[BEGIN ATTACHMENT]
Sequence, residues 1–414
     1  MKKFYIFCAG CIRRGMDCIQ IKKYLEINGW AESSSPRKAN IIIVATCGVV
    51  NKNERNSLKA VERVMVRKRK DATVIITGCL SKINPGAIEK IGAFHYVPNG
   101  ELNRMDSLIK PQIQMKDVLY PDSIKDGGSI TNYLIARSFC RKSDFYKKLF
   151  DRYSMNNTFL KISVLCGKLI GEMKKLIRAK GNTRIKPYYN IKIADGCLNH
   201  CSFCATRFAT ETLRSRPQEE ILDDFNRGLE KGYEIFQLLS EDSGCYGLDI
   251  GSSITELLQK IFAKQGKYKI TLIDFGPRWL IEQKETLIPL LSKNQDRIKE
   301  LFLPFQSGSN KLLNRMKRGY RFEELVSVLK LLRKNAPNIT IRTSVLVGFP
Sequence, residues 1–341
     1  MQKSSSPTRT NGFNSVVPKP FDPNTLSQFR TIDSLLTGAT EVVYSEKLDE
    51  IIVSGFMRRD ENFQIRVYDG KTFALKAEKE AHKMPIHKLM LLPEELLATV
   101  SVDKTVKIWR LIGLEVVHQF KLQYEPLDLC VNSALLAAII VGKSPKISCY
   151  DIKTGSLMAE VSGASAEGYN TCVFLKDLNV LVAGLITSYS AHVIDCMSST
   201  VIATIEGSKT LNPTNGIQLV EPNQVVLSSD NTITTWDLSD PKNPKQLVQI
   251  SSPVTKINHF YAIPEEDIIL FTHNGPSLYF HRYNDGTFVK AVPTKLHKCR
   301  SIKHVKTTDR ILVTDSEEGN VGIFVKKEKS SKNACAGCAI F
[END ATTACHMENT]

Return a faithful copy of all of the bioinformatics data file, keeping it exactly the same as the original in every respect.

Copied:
Sequence, residues 1–414
     1  MKKFYIFCAG CIRRGMDCIQ IKKYLEINGW AESSSPRKAN IIIVATCGVV
    51  NKNERNSLKA VERVMVRKRK DATVIITGCL SKINPGAIEK IGAFHYVPNG
   101  ELNRMDSLIK PQIQMKDVLY PDSIKDGGSI TNYLIARSFC RKSDFYKKLF
   151  DRYSMNNTFL KISVLCGKLI GEMKKLIRAK GNTRIKPYYN IKIADGCLNH
   201  CSFCATRFAT ETLRSRPQEE ILDDFNRGLE KGYEIFQLLS EDSGCYGLDI
   251  GSSITELLQK IFAKQGKYKI TLIDFGPRWL IEQKETLIPL LSKNQDRIKE
   301  LFLPFQSGSN KLLNRMKRGY RFEELVSVLK LLRKNAPNIT IRTSVLVGFP
Sequence, residues 1–341
     1  MQKSSSPTRT NGFNSVVPKP FDPNTLSQFR TIDSLLTGAT EVVYSEKLDE
    51  IIVSGFMRRD ENFQIRVYDG KTFALKAEKE AHKMPIHKLM LLPEELLATV
   101  SVDKTVKIWR LIGLEVVHQF KLQYEPLDLC VNSALLAAII VGKSPKISCY
   151  DIKTGSLMAE VSGASAEGYN TCVFLKDLNV LVAGLITSYS AHVIDCMSST
   201  VIATIEGSKT LNPTNGIQLV EPNQVVLSSD NTITTWDLSD PKNPKQLVQI
   251  SSPVTKINHF YAIPEEDIIL FTHNGPSLYF HRYNDGTFVK AVPTKLHKCR
   301  SIKHVKTTDR ILVTDSEEGN VGIFVKKEKS SKNACAGCAI F